With permission from a grad school colleague, I am re-posting her response to a discussion on curriculum influences from a semester ago:
I want to begin by first talking a little about my out of state teaching experience and what was taught there. What was taught there was what was mandated by legislation, Kentucky Core Content. For every grade level there were a set of standards that were supposed to be taught. In addition to the standard there was also key vocabulary, suggested activities, and DOK (depth of knowledge) levels. As a first year teacher I really appreciated this resource. I didn't have to worry about what I was teaching but instead could focus all of my attention on how I was teaching it. This experience helped me grow as an educator and I discovered that what I was teaching wasn't always as important as how I was teaching it. What I was being told to teach was very similar to what gets taught here in Iowa.
When I moved back to Iowa and began teaching here my focus switched from how I was teaching to what I was teaching, which I found to be a pretty big waste of my time. Since I have been back over half of the in-services I have attended have focused on what we are teaching. We argue, we debate, feelings are hurt, people are mad and nothing ever gets accomplished. I have been involved in curriculum mapping in both districts I have taught in and feel that for the most part it has been a total waste of time. What if instead of fighting about what we were teaching we were working on teaching it in effective ways. WOW, what a concept. If the Iowa Core isn't implemented I will be very disappointed. Tell me what to teach and I will make sure that I teach it to the best of my ability.
Dr. Pace asked what influences what gets taught and I wish I could say, what students need, what benefits them the most, and what they are interested in, but I can't. What gets taught for many classrooms is what is in the textbook, what the teacher has taught for the past 20 years, what is interesting to the teacher, and sometimes what is easy. Oh, and if anybody asks what the standards say. If only we could find where we put them. I don't mean to be cynical but this is an area of great frustration for me.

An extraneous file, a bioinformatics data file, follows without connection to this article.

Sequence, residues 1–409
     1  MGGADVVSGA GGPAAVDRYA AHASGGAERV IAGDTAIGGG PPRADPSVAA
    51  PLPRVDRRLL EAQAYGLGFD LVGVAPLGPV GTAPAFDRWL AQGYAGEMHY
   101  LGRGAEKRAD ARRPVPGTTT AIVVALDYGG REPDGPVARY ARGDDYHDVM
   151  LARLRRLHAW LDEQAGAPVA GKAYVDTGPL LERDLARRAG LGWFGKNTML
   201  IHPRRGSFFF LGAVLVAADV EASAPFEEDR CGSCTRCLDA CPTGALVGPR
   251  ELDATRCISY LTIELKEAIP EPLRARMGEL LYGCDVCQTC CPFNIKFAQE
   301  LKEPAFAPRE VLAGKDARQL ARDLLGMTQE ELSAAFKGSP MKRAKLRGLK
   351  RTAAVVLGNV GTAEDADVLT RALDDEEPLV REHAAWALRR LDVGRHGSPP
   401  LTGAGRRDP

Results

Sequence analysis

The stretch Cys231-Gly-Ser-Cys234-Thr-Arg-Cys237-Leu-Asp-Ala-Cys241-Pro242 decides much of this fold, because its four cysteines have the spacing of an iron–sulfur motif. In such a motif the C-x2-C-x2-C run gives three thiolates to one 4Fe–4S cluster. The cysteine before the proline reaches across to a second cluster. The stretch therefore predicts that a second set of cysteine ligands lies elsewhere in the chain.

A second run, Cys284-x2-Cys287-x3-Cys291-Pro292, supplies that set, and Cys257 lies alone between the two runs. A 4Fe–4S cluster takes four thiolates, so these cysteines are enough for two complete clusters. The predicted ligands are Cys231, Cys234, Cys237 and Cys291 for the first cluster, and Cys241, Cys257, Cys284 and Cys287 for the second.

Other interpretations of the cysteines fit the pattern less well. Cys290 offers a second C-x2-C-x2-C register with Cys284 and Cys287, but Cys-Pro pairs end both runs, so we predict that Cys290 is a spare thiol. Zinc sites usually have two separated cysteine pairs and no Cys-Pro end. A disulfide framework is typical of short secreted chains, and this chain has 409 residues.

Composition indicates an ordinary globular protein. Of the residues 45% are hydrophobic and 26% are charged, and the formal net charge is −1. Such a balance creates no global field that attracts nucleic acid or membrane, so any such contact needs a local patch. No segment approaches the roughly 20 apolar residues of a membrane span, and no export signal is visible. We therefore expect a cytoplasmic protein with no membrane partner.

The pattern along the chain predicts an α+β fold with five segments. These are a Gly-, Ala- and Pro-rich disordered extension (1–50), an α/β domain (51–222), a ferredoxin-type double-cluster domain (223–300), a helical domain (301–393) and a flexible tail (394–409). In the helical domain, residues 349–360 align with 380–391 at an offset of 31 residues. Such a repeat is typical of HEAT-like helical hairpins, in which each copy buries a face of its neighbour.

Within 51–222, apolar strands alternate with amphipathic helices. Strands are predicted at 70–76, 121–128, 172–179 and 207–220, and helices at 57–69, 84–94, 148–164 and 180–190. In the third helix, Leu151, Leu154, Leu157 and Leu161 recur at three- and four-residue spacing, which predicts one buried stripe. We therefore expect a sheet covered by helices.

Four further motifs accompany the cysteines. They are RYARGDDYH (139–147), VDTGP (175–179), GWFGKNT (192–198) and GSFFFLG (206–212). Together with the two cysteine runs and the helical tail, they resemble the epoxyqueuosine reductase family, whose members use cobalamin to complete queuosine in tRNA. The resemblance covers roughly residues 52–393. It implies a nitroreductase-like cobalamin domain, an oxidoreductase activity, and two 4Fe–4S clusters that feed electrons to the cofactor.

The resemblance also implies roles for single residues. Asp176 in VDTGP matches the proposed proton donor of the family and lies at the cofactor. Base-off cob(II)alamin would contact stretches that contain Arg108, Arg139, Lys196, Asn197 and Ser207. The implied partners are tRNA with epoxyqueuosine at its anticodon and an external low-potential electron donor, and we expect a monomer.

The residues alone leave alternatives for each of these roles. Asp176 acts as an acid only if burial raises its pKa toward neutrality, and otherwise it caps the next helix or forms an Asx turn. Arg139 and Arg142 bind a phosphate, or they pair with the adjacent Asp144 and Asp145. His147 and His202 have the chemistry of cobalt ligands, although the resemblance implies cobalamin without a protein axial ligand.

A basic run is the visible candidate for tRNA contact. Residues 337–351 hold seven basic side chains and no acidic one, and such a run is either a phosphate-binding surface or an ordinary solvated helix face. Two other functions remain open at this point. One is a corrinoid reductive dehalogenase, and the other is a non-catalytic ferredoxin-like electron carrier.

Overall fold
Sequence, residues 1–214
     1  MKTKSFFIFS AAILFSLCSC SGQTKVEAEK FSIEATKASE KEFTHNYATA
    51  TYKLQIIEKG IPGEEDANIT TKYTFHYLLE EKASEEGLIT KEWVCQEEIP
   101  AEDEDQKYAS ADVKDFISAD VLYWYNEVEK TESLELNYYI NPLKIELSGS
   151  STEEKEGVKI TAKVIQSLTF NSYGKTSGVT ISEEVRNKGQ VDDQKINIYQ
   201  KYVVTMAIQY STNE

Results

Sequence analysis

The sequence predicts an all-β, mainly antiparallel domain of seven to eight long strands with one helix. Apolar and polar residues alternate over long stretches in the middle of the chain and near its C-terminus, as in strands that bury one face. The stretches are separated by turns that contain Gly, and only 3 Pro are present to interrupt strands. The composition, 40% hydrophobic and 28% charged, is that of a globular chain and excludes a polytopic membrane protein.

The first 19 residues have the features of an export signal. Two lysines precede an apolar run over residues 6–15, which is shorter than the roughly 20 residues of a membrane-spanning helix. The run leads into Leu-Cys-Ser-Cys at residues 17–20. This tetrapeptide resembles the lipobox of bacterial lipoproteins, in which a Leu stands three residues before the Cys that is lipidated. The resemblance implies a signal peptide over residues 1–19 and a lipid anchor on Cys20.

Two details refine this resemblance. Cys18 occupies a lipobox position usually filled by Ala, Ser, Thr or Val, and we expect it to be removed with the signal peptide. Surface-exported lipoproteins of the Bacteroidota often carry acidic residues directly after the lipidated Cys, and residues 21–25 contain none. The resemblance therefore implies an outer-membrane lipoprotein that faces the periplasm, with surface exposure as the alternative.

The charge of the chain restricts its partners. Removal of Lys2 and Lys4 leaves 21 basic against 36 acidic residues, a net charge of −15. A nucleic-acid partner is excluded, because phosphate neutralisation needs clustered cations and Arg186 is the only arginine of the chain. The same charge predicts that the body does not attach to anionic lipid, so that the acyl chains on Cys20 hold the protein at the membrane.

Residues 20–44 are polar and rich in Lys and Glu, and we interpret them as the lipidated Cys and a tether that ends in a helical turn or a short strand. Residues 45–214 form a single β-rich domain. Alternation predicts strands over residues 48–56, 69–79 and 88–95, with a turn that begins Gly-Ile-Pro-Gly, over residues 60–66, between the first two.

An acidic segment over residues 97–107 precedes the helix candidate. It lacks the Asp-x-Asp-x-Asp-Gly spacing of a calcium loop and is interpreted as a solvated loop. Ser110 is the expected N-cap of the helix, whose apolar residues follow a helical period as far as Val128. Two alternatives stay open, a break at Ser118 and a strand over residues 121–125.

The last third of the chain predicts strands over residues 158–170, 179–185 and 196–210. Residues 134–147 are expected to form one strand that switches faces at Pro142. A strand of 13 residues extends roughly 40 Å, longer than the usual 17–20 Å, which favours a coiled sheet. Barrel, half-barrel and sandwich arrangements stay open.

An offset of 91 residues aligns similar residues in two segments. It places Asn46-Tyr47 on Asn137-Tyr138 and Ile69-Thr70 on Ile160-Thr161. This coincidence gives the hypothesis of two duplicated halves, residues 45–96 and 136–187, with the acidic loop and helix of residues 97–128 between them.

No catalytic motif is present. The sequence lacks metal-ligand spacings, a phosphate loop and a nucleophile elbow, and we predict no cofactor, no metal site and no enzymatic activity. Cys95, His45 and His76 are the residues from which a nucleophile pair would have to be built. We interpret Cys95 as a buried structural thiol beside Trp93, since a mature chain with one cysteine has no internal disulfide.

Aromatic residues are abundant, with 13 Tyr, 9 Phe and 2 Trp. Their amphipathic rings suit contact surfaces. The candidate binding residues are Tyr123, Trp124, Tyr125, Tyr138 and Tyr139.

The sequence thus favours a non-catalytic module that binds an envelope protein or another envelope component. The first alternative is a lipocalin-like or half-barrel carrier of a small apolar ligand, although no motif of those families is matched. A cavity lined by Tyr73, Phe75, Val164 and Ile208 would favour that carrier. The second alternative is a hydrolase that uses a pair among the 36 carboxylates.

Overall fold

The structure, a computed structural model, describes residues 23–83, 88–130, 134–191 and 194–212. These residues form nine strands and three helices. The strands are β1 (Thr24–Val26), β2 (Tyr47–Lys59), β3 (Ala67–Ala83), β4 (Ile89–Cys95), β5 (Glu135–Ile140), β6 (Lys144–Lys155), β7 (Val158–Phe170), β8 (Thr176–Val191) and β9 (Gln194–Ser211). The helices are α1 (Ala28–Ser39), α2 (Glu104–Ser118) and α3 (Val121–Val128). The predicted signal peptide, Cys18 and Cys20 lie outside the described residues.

For other classrooms this isn't the case. What gets taught often times is what we are currently learning about as a staff through professional development. What teachers feel students need to know, based on assessments. What the standards say should be taught. What resources are available to teachers and students and what various stakeholders feel is important.
In my classroom I try to follow the districts' standards and benchmarks however, in the area of science this can be difficult because these concepts and ideas are being taught in fourth grade and sometimes even third grade. I try very hard to let the students' questions and interests help guide what gets taught. For science, I use an inquiry based approach to teaching and learning. I love it and so do the students.
As we debate and discuss the merits of our first dose of state standards here in Iowa, I've found myself warming up to the idea of spending less time time locally deciding "what" should be taught and instead refocusing that energy on...making sure everyone is clear on the "what."
I can argue both sides of the "state standards" issue. Students all have unique interests and futures and they should spend time exploring these while in K-12 schools. On the flip side, it would be a shame to create an educational lottery in which students in District A are exposed to a more rigorous and relevant curriculum than students in District B.